This study aims to explore the psychosocial and behavioral problems of children and adolescents in the early stage of reopening schools. In this national cross-sectional study, a total of 11072 students from China were naturally divided into two groups based on their schooling status: reopened schools (RS) and home schooling (HS) group. The psychosocial and behavioral functioning were measured by Achenbach Child Behaviour Checklist (CBCL) and compared in these two groups. Multivariable logistic regression analyses were conducted to explore the independent predictors associated with the psychosocial and behavioral problems. Our results showed that the students in the RS group had more adverse behaviors than that of HS group. The RS group had the higher rates of parent-offspring conflict, prolonged homework time, increased sedentary time and sleep problems (all p < 0.001). When separate analyses were conducted in boys and girls, the RS group had the higher scores for (1) overall behavioral problems (p = 0.02 and p = 0.01), internalizing (p = 0.02 and p = 0.02) and externalizing (p = 0.02 and p = 0.004) behaviors in the 6-11 age group; (2) externalizing (p = 0.049 and p = 0.006) behaviors in the 12-16 age group. Multivariable regression showed parent-offspring conflict and increased sedentary time were the most common risk factors, while physical activity and number of close friends were protective factors for behavior problems in RS students (p < 0.01 or 0.05). The present study revealed that students' psychosocial and behavioral problems increased in the early stage of schools reopened unexpectedly. These findings suggest that close attention must be paid and holistic strategies employed in the school reopening process of post-COVID-19 period.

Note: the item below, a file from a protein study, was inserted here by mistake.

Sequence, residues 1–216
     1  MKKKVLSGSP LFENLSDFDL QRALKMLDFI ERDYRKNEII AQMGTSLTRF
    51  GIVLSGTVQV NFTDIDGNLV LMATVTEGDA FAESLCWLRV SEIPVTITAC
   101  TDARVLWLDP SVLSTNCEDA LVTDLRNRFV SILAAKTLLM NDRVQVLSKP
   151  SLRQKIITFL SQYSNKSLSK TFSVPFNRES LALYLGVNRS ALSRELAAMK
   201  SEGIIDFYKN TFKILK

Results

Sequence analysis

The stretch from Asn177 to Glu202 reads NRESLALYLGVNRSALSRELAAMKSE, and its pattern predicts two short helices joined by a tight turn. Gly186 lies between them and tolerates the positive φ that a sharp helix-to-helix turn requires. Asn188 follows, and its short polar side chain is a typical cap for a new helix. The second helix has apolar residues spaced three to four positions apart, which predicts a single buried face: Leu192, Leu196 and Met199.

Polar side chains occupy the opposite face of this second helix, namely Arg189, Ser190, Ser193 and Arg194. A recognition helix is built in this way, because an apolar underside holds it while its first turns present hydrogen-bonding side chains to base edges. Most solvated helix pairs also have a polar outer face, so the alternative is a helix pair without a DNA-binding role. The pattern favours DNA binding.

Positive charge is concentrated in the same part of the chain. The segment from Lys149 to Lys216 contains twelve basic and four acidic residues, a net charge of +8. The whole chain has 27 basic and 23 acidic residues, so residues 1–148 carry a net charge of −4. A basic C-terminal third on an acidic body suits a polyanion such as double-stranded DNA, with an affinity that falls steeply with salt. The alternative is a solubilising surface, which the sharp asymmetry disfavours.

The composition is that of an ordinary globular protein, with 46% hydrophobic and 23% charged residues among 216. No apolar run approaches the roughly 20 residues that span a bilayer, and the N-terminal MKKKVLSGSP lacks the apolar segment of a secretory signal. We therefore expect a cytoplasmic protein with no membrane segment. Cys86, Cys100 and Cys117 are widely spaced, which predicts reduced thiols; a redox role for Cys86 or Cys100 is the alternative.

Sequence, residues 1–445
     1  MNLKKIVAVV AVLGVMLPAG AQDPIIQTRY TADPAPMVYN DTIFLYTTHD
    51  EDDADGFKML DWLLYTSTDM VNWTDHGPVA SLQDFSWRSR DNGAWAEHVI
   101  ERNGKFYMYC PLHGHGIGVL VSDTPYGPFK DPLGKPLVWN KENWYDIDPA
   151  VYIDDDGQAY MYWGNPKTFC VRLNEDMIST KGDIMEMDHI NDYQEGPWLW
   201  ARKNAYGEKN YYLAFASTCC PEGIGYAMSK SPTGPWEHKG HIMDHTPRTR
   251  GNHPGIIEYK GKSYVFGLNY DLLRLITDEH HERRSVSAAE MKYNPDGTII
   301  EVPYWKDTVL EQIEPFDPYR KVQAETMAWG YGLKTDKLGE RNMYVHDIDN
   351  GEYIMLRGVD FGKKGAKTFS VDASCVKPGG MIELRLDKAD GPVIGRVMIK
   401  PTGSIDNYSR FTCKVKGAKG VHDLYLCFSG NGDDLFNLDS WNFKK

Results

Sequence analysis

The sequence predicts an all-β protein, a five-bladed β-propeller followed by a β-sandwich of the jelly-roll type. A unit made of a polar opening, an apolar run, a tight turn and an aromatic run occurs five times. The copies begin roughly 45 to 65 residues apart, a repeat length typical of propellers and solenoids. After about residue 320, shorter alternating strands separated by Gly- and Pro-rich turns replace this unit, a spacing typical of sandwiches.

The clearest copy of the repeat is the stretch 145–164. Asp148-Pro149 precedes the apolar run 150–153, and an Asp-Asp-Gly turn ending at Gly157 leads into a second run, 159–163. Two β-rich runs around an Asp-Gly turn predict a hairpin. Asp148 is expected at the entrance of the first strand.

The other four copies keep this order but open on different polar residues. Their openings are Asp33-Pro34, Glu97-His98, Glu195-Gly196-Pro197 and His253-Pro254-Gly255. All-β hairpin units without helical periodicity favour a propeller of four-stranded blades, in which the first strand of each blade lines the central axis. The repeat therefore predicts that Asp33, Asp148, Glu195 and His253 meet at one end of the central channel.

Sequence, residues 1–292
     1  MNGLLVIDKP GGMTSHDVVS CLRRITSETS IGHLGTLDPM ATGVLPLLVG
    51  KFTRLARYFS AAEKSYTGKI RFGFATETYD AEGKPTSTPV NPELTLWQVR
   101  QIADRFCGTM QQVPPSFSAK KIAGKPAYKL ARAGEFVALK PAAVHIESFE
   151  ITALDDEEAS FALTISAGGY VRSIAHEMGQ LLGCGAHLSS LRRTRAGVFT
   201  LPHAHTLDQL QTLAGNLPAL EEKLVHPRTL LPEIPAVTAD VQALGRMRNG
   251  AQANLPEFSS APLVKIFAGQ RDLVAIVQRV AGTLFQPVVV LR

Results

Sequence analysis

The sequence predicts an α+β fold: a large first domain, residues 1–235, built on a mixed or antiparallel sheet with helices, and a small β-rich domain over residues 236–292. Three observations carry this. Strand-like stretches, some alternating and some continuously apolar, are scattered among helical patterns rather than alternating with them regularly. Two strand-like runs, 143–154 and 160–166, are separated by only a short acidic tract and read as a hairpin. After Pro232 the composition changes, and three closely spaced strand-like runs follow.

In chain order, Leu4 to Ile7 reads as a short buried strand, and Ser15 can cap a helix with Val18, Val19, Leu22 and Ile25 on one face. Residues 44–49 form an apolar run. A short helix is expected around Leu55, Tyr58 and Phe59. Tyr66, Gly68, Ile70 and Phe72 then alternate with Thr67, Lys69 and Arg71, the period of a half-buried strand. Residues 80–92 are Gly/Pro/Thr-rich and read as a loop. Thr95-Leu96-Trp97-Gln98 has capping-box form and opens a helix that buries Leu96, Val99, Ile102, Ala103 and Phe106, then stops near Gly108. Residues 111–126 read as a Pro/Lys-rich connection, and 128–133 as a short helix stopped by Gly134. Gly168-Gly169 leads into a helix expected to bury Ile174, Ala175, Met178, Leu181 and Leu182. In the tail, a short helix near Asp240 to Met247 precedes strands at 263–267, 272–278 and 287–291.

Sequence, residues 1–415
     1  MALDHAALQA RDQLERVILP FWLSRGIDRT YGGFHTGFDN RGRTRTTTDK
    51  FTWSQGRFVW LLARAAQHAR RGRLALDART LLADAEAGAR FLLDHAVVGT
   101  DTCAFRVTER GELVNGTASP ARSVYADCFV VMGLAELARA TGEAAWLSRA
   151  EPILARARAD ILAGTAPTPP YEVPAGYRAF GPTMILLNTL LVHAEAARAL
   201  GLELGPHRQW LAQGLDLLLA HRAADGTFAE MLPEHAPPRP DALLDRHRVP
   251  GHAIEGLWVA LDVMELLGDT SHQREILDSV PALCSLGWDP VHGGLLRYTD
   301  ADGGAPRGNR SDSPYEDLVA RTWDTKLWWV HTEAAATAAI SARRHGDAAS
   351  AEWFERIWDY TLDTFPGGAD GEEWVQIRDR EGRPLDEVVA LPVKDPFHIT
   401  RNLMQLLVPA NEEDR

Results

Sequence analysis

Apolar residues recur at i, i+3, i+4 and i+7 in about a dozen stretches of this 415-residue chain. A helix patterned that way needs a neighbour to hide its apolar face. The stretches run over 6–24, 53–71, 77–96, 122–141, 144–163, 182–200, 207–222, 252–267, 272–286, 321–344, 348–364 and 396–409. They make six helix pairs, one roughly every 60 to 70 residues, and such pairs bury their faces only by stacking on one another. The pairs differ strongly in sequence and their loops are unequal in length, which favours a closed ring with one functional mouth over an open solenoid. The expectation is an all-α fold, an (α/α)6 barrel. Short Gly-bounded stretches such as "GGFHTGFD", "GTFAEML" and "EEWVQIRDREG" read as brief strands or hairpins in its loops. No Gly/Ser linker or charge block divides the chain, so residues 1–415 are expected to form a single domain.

Subject(s)
COVID-19 , Problem Behavior , Adolescent , Child , China/epidemiology , Cross-Sectional Studies , Female , Humans , Male , Pandemics , SARS-CoV-2 , Schools
3.
Anal Chem ; 92(14): 9699-9705, 2020 07 21.
Article in English | MEDLINE | ID: covidwho-342681

ABSTRACT

A novel coronavirus (SARS-CoV-2) was recently identified in patients with acute respiratory disease and spread quickly worldwide. A specific and rapid diagnostic method is important for early identification. The reverse-transcription recombinase-aided amplification (RT-RAA) assay is a rapid detection method for several pathogens. Assays were performed within 5-15 min as a one-step single tube reaction at 39 °C. In this study, we established two RT-RAA assays for the S and orf1ab gene of SARS-CoV-2 using clinical specimens for validation. The analytical sensitivity of the RT-RAA assay was 10 copies for the S and one copy for the orf1ab gene per reaction. Cross-reactions were not observed with any of the other respiratory pathogens. A 100% agreement between the RT-RAA and real-time PCR assays was accomplished after testing 120 respiratory specimens. These results demonstrate that the proposed RT-RAA assay will be beneficial as it is a faster, more sensitive, and more specific tool for the detection of SARS-CoV-2.


Subject(s)
Betacoronavirus/chemistry , Betacoronavirus/genetics , Coronavirus Infections/diagnosis , Nucleic Acid Amplification Techniques/methods , Pneumonia, Viral/diagnosis , Polymerase Chain Reaction/methods , Bacteria/chemistry , Bacteria/genetics , COVID-19 , Cross Reactions , DNA Probes , Genes, Viral , Humans , Pandemics , Plasmids , Polyproteins , Respiratory Tract Infections/microbiology , Respiratory Tract Infections/virology , SARS-CoV-2 , Sensitivity and Specificity , Viral Proteins/genetics , Viruses/chemistry , Viruses/genetics